With plans underway to construct a new church on Schuman Lane in 1971, members of the Petaluma Christian Church had to sell their existing facility at 417 Western Avenue.
Few if any offers were made and finally the City of Petaluma purchased the building for $22,500. Initial plans called for the demolition of the church to make way for a parking lot. At the same time, a proposal to close English Street at Western Avenue was considered. Imagine the visual impact this would have had on the neighborhood.
Neither scheme was implemented thanks to Heritage Homes and others who would not permit the razing of another historic structure so soon after the destruction of the Sorensen Funeral Home and the McNear Mansion.
On May 15, 1972, the City Council voted to save the church. In October, Heritage Homes of Petaluma included the building as part of their biennial tour with proceeds going toward the cost of a new roof. The City of Petaluma did get their parking lot when they authorized the demolition of a house and garage at 303 Post Street at a September 12, 1972 meeting. The house was rented by the Church during the 1930s and 1940s for use as a parsonage.
Over the years the Christian Church was home to the Five Corners Community Center, which later became the Five Corners Repertory Theatre, but has been closed for the past 22 years.
The structure requires substantial rehabilitation before it can be open for public use again. Many have contributed funds to the cause over the years, but more is needed. Because of the building’s historic significance, organizations such as the National Trust for Historic Preservation, the California State Office of Historic Preservation, and the California Preservation Foundation may be instrumental in identifying rehabilitation grants.
In the meantime, the building we’ve known since 1994 as the Polly Hannah Klaas Performing Arts Center possesses amazing stained-glass windows that would surely capture the attention of any donor with an appreciation for beauty and history – a history that began in 1910 when Berkeley architect Francis W. Reid (1863-1949) designed the church for a mere $350. Frank Lepley, a member of the church was the contractor.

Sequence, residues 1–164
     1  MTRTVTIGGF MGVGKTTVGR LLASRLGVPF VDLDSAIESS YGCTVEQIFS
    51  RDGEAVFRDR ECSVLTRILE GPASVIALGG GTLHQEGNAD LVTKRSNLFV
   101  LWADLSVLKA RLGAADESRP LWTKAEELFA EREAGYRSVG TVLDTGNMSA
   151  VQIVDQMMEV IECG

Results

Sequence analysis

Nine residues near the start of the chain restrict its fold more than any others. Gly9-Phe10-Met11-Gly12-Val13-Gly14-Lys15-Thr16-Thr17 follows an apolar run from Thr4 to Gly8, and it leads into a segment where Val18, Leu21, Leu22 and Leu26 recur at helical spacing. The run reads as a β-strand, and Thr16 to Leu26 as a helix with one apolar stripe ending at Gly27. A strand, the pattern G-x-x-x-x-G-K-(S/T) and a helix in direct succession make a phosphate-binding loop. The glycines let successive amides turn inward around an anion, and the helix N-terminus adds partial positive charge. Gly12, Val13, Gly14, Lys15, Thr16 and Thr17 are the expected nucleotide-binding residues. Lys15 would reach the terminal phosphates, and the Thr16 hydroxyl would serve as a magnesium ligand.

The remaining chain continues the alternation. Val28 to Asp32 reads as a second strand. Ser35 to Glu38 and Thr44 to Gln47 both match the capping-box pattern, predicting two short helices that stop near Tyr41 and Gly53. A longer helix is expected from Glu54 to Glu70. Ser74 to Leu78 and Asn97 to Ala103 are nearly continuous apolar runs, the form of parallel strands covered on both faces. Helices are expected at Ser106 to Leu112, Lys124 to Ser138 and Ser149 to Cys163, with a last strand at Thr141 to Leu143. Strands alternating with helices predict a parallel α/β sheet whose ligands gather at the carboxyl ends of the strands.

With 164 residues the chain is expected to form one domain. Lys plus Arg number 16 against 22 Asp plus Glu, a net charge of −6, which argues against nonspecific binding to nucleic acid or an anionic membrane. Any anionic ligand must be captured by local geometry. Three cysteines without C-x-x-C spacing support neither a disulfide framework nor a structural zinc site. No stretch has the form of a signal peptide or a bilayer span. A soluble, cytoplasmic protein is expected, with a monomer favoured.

Born in Ontario, but raised in the United States, Francis William Reid graduated from the University of Pacific in San Jose in 1887. Mr. Reid served as a reporter for several San Francisco Bay Area newspapers until 1890. Between 1890 and 1898, he practiced architecture and designed several residences in the South Bay – four of which are referenced in An Architectural Guidebook to San Francisco and the Bay Area.
Reid graduated from the Pacific Theological Seminary in 1898 and served as pastor at Congregational churches at Clayton, Paso Robles, San Miguel, and Sonoma until 1905. In 1906 Reid returned to architecture and designed the United Church of Cloverdale, which like the Petaluma Christian Church is an excellent example of the Shingle style and is blessed with incredible stained-glass windows.
A number of the Petaluma Christian Church windows were manufactured at the California Art Glass Company in San Francisco.
One window located on the English Street side of the building was given in memory of Mrs. Jane Doyle by her granddaughter, Nellie Doyle – daughter of Manville and Mary Evelyn (nee Conley), Doyle. Nellie was born in Petaluma and graduated from Petaluma High School in 1885. Throughout her adult life, she was an active member of the Christian Church in Santa Rosa. The window was damaged during a wind storm in 1950. What we see today is a replacement window that was installed in 1951.
Reverend Jesse D. and Leanna Olmsted, parents of John A. Olmsted who along with his brothers owned and managed the Petaluma Argus for many years, have a window that was likely installed at the time the church was constructed.
Other names found among the windows include William Parent, grandfather of former Petaluma Mayor Arthur W. Parent; Lorenzo and Eliza Gale; Abraham Linebaugh; Andrew and Mary McPhail; Josiah H. Benson; Homer and Vera Wilson; and Mr. and Mrs. W.D. Freeman.
Do the descendants of these families know about the windows? If so, would they be inspired to assist in their preservation as well as that of the building in general? Further research will determine the answers to these questions.
Now after nearly 50 years, the City of Petaluma is transferring ownership of this important historic building to the Polly Klaas Foundation who plan to rehabilitate it for use as a community arts venue for youth. To learn more, go to the Polly Klaas Foundation website.
A version of this post first appeared in the Winter 2008 edition of the Petaluma Magazine, a publication of the Petaluma Argus Courier